The 50th anniversary of Earth Day is being marked by billions around the world on April 22. The influential day was founded by environmental advocate Denis Hayes in the United States in 1970 following a devastating oil spill near Santa Barbara, California. The event went global in 1990, mobilizing 200 million people across 141 countries who wanted to spotlight environmental issues on the world stage. This year it is dedicated to climate action. Because of measures taken to slow the spread of the coronavirus, we have reached a unique and pivotal moment – one that could mark a fresh start for humanity’s relationship with nature.
Earth Day’s mission of environmental protection has a unique backdrop this year. Humanity has paid a heavy toll in the coronavirus outbreak, but less human mobility has meant nature appears to be bouncing back. As lockdowns and social distancing measures have kept more people at home, highways have cleared and factories across whole continents have closed up shop. Dark gray smog clogging city skylines dissipated as areas in China, Italy, the United Kingdom, Germany, Turkey and dozens of other countries saw up to a 40% drop in carbon dioxide and nitrogen dioxide.
The pressure of industrial humans on Earth has suddenly lessened. In fact, with fewer people moving around, seismologists have reported that the planet has literally calmed, with fewer vibrations from what they coined “cultural noise.”
In Turkey, this newfound silence has encouraged wildlife to come out and reclaim territory. A two-day curfew over the past two weekends has kept around 63 million people in 31 urban provinces across the country at home in an effort to discourage the tempting draw of social interaction brought on by spring fever. As a result, a rare and curious Eurasian brown bear was sighted in the northwestern province of Bursa, while mountain goats took over the deserted streets of Çemişgezek in eastern Tunceli province. Likewise, the reduction of sound and vibrations from waiting tankers, bustling ferries and other watercraft in the Marmara Sea and Bosporus has encouraged dolphins and schools of fish to explore the waters around Istanbul.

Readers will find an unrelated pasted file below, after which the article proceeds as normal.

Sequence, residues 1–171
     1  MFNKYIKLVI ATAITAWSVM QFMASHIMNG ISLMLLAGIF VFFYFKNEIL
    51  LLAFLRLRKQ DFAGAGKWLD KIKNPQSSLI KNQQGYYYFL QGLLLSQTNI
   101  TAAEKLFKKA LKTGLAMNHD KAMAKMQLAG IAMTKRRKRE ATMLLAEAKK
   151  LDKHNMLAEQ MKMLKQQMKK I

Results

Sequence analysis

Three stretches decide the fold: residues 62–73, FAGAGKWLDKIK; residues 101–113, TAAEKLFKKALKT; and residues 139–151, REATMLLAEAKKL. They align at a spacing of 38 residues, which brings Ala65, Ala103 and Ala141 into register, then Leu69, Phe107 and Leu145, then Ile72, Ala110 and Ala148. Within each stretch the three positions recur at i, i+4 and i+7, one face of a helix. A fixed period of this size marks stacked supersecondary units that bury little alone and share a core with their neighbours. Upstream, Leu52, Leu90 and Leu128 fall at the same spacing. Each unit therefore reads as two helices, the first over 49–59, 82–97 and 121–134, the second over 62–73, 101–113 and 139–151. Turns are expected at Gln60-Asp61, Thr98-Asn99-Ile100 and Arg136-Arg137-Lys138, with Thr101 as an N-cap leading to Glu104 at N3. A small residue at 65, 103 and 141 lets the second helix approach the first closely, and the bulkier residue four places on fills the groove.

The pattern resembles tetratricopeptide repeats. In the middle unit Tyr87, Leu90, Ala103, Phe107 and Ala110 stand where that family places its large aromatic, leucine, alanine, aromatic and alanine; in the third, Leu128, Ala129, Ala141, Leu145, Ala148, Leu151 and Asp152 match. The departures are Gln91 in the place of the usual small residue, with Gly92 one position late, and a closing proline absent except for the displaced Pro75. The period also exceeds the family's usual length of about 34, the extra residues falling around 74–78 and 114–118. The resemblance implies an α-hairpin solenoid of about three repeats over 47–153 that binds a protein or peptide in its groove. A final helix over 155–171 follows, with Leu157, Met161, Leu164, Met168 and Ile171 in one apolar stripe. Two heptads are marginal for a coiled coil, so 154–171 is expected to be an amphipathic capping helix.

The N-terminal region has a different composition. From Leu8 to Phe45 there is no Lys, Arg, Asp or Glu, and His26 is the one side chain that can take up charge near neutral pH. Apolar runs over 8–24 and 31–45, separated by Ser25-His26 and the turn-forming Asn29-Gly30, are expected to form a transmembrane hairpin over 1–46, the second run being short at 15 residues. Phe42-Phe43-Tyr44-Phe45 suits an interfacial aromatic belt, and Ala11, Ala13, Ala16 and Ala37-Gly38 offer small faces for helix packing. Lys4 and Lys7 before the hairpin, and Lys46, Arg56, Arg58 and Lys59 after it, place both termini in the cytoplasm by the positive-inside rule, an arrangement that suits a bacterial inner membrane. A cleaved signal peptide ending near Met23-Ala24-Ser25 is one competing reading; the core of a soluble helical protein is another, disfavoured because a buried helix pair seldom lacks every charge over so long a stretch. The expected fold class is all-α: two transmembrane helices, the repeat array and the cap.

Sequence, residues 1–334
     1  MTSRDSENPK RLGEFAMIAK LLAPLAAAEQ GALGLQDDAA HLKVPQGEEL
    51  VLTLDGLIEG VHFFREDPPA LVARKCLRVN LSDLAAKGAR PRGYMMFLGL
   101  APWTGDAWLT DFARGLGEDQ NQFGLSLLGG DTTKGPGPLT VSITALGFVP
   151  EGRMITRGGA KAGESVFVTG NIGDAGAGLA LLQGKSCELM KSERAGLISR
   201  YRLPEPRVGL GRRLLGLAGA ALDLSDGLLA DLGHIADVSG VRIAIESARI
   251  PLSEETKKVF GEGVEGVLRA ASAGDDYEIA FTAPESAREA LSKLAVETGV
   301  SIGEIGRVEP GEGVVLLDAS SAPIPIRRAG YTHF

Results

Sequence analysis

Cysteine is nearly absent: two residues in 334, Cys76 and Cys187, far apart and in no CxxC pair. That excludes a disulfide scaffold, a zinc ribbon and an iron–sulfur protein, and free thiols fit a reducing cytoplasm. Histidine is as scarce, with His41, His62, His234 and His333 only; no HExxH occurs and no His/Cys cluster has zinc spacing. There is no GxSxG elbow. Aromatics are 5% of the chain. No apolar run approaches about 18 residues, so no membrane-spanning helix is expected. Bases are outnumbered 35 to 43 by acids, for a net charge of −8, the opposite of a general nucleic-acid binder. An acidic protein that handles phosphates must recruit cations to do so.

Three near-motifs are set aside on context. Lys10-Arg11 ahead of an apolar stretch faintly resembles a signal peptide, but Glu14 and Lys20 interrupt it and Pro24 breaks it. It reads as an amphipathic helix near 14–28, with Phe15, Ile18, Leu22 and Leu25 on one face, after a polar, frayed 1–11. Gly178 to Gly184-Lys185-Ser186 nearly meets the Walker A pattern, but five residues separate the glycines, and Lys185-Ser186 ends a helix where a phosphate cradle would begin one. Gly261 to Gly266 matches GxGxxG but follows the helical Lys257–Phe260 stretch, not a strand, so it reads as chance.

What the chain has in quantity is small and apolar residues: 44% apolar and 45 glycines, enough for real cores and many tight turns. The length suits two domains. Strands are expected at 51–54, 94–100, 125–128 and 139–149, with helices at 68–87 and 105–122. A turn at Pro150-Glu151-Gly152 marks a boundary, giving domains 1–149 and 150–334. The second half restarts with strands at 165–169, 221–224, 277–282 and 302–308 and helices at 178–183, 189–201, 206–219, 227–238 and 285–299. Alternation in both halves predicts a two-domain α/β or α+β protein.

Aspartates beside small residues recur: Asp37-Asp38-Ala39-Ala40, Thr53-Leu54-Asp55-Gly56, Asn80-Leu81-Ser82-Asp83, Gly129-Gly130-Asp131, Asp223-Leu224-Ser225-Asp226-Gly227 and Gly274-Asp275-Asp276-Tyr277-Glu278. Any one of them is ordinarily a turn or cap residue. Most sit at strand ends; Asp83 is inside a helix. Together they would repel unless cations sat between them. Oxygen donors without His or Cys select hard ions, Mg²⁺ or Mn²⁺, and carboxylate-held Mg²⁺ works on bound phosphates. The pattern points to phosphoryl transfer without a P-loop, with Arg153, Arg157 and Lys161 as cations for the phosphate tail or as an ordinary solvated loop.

Other countries have also seen a rise in wildlife sightings. A popular, now empty beach in a national park in Thailand is seeing its largest number of leatherback sea turtle nests in decades; Venice’s famous canals, usually murky, are a clear blue and adored with swans, while schools of fish usually scared away by tourist-packed gondolas explore the depths. Deer have been seen looking for food in empty underpasses in Nara, Japan, and a herd of mountain goats descended onto the town center of Llandudno in Wales. The lack of human presence has emboldened wildlife to explore areas that were once theirs. And let’s be honest, animals are inquisitive creatures too, as Llandudno’s town councilor, Carol Marubbi, pointed out about their mischievous visitors, "They are curious, goats are, and I think they are wondering what's going on like everybody else."
So, how do we keep this positive environmental trend going with most of us stuck at home and group gatherings restricted? This year’s observation, usually commemorated with outdoor activities, like collecting litter, planting trees or participation in conservation programs, will see a shift in tradition as millions around the world practice social distancing and self-isolation. But don’t despair. There are plenty of online activities and seminars to participate in.
"Amid the recent outbreak, we encourage people to rise up but to do so safely and responsibly,” said Earth Day Network President Kathleen Rogers, “in many cases, that means using our voices to drive action online rather than in person.” As a result, the Earth Day Network’s official website, www.earthday.org, is going digital with “24 Hours of Action” for April 22. The website provides an interactive world map of thousands of events being offered to the public online. Simply click on the event that sounds interesting to you and join the action. The nonprofit has also created a 22-day challenge on their website for families who want to do more to protect the planet.
The U.S. Space Agency NASA is commemorating the day with an exclusive collection of free online videos, fun activities, special programs and other materials in their Earth Day 2020: 50th Anniversary toolkit. The science-centered activities can be found on NASA's website, www.nasa.gov, and include links, free ebooks and printable projects for kids and adults alike.
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